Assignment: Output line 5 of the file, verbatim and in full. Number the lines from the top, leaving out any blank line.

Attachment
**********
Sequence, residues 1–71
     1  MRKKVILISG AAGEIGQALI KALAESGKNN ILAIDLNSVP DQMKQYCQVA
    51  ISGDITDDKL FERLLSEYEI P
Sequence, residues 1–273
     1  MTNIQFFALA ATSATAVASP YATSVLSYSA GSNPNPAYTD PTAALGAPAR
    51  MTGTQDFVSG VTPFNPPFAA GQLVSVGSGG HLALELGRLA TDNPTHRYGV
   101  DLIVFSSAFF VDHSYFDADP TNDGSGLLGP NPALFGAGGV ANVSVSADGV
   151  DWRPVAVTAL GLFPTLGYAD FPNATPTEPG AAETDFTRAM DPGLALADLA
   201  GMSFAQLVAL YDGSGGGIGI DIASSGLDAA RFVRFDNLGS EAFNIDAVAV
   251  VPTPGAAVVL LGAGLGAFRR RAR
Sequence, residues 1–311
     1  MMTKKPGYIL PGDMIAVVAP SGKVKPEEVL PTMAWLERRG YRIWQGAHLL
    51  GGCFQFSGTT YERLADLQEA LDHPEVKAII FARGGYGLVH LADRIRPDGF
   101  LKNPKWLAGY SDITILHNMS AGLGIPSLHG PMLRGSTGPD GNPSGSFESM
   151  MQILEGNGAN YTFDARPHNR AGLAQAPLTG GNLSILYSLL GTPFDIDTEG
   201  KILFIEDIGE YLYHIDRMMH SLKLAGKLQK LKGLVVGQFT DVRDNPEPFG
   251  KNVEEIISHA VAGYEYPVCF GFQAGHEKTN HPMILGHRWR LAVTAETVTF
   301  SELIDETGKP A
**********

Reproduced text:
     1  MTNIQFFALA ATSATAVASP YATSVLSYSA GSNPNPAYTD PTAALGAPAR